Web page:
A walk through the Edirnekapı neighborhood to get to the Chora church, which just happened to be perched upon a hill.
The neighborhood was pretty run down. I don't know if I'd be walking around here late at night, but it seemed to be quiet during the day.
We stumbled into a few small churches: St. Stephen's Bulgarian:
and a tiny church of St. Mary's. We had to ring a buzzer and have a guardian show us around St Marys, as I don't think they get a lot of visitors.
Both were tiny and kind of hard to find as they were behind high walls, but worth seeking out.
The whole walk up the hill and we didn't see too many tourist, but once we got to the Chora church, it was back to status quo.
The interior of the church is completely plastered with mosaics and frescos of bible scenes, most of which have been beautifully restored. It's fairly off the beaten track and worth seeking out. You will be a bit dizzy and sore from craning your neck skywards for such a long period of time. Or be clever and bring a mirror so you won't have to!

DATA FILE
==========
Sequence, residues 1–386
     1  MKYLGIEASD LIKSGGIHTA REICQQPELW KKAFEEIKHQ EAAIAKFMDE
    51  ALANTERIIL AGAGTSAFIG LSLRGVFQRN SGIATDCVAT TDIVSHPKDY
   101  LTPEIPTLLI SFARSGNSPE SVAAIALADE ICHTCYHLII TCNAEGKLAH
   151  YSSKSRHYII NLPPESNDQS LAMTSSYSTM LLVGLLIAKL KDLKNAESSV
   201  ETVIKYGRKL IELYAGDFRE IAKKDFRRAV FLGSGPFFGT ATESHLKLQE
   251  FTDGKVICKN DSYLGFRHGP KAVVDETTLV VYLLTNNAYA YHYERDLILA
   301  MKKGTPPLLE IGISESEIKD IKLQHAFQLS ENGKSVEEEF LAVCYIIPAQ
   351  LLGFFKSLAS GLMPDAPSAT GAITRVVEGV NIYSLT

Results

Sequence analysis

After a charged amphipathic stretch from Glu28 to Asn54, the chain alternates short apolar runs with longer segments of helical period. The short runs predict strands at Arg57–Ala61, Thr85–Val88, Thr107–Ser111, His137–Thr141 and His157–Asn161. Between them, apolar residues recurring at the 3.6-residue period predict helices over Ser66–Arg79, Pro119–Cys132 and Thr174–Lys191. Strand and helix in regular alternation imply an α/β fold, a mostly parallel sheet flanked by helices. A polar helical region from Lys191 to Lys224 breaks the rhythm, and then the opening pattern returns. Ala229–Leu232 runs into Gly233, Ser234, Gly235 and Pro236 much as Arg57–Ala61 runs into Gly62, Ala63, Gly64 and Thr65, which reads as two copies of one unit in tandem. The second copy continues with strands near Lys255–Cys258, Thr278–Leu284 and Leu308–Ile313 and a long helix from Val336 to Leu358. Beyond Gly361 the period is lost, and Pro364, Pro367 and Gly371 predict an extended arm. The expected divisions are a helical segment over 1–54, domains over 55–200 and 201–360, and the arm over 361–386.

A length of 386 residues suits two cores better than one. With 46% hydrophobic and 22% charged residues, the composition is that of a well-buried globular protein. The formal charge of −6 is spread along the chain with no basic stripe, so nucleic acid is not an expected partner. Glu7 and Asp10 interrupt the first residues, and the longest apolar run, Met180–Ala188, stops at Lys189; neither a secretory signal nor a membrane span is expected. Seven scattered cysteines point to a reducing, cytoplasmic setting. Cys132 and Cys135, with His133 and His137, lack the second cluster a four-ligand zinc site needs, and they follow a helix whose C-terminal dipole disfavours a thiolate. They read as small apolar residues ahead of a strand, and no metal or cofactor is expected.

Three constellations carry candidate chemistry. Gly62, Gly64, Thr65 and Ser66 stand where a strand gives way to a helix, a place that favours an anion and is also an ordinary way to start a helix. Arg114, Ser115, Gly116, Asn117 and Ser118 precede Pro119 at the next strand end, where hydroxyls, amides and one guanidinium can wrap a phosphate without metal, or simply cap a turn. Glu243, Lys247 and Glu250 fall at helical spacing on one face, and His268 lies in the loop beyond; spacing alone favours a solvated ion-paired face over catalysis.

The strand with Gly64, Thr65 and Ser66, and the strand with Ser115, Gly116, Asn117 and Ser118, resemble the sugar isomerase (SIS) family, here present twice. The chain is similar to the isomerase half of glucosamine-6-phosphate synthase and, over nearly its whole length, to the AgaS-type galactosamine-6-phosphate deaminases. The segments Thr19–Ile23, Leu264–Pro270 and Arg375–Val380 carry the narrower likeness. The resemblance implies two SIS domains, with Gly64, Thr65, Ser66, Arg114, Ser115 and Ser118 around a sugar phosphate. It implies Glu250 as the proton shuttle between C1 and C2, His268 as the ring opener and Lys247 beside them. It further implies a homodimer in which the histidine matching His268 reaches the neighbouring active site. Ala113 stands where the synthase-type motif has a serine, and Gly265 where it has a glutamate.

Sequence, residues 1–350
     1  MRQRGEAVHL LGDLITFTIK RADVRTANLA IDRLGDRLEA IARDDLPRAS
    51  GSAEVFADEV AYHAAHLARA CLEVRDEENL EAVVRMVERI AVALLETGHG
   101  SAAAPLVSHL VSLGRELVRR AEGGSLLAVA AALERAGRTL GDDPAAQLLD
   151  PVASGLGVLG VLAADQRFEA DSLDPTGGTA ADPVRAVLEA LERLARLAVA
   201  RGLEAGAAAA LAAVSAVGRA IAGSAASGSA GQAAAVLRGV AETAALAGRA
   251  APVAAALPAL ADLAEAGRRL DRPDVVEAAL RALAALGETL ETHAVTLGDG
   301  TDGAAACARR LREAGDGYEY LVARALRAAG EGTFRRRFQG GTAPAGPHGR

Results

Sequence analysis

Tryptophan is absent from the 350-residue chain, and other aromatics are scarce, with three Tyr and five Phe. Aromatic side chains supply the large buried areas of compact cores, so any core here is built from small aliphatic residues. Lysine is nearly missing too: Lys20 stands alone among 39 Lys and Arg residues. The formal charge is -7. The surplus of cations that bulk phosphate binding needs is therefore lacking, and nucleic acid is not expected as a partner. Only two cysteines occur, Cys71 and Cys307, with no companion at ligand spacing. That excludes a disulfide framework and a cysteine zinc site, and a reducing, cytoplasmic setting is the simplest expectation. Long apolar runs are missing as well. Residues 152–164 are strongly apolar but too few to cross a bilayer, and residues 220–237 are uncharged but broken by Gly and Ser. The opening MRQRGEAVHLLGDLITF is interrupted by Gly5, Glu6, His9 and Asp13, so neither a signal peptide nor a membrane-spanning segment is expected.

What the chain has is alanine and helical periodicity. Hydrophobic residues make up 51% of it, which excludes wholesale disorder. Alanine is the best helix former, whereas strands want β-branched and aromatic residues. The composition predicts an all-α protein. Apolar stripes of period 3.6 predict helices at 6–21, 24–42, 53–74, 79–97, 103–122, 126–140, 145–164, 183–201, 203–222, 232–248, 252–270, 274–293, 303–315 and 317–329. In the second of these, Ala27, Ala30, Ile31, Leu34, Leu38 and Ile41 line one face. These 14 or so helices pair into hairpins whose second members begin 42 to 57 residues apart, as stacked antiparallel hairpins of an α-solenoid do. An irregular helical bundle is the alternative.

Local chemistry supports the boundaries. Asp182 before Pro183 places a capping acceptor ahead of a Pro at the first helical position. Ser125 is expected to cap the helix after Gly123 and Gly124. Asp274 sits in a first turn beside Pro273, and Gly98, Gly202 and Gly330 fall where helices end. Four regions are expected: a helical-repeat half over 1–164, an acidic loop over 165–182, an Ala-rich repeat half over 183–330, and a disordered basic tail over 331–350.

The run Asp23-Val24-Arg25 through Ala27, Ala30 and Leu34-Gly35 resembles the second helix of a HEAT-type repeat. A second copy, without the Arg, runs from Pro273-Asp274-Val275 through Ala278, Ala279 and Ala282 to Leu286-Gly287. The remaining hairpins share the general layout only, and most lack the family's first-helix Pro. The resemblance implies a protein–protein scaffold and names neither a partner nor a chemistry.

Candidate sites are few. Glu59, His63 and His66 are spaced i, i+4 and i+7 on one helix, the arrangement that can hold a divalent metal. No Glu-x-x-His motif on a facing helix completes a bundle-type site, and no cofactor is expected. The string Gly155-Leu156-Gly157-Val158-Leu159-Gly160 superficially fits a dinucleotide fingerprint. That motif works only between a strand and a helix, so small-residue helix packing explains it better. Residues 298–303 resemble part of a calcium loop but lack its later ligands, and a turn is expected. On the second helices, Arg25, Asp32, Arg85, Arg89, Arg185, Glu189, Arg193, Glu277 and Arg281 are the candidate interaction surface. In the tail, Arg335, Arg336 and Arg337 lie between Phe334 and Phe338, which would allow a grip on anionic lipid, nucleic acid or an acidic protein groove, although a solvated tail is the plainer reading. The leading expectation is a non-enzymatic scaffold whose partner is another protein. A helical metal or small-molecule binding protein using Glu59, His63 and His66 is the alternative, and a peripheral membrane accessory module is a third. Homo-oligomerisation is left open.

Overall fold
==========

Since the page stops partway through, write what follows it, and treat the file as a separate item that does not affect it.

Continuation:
Afterwards, a really lovely lunch next door at a place that specialized in old ottoman recipes, and then a walk along the old city walls to the Golden Horn ferry. The area around the wall was pretty run-down, with people living in squats and abandoned lots. I didn't linger.
We headed back to Fatih to the Spice Bazaar. First, we couldn't resist stopping for a lovely meat-infused pide.
And then to stock up on what is reported to be the best Turkish delight in the city.
I'm not a huge fan of the candy to begin with, but I must admit that these were pretty good. They were very fresh-fruit tasting, where you could actually tell that something was strawberry or apricot, and not just food coloring and sugar water flavored.
We wandered the 17th century vaulted ceilings of the Spice Bazaar. Sensory overload! While a great many stalls are devoted to tchokies and designer knockoffs, there are still a great deal of food and spices being dealt. It's pretty inexpensive, so I used the opportunity to stock up on sumac, urfa pepper and nigella seeds.
And then off to Sultanahmet to see the enormous Blue Mosque up close. This is the kind of the cherry on the ice cream cake of mosques in this city. It's enormous, with redwood-tree sized pillars supporting the soaring domes.
We put it off to the next day, but the sublime Haya Sofia loomed close by... And then back to Beyoglu for kepabs with friends. I couldn't get enough kebaps while I was here. I never seem to tire of grilled meat, especially when you get a good variety of meze to kick things off.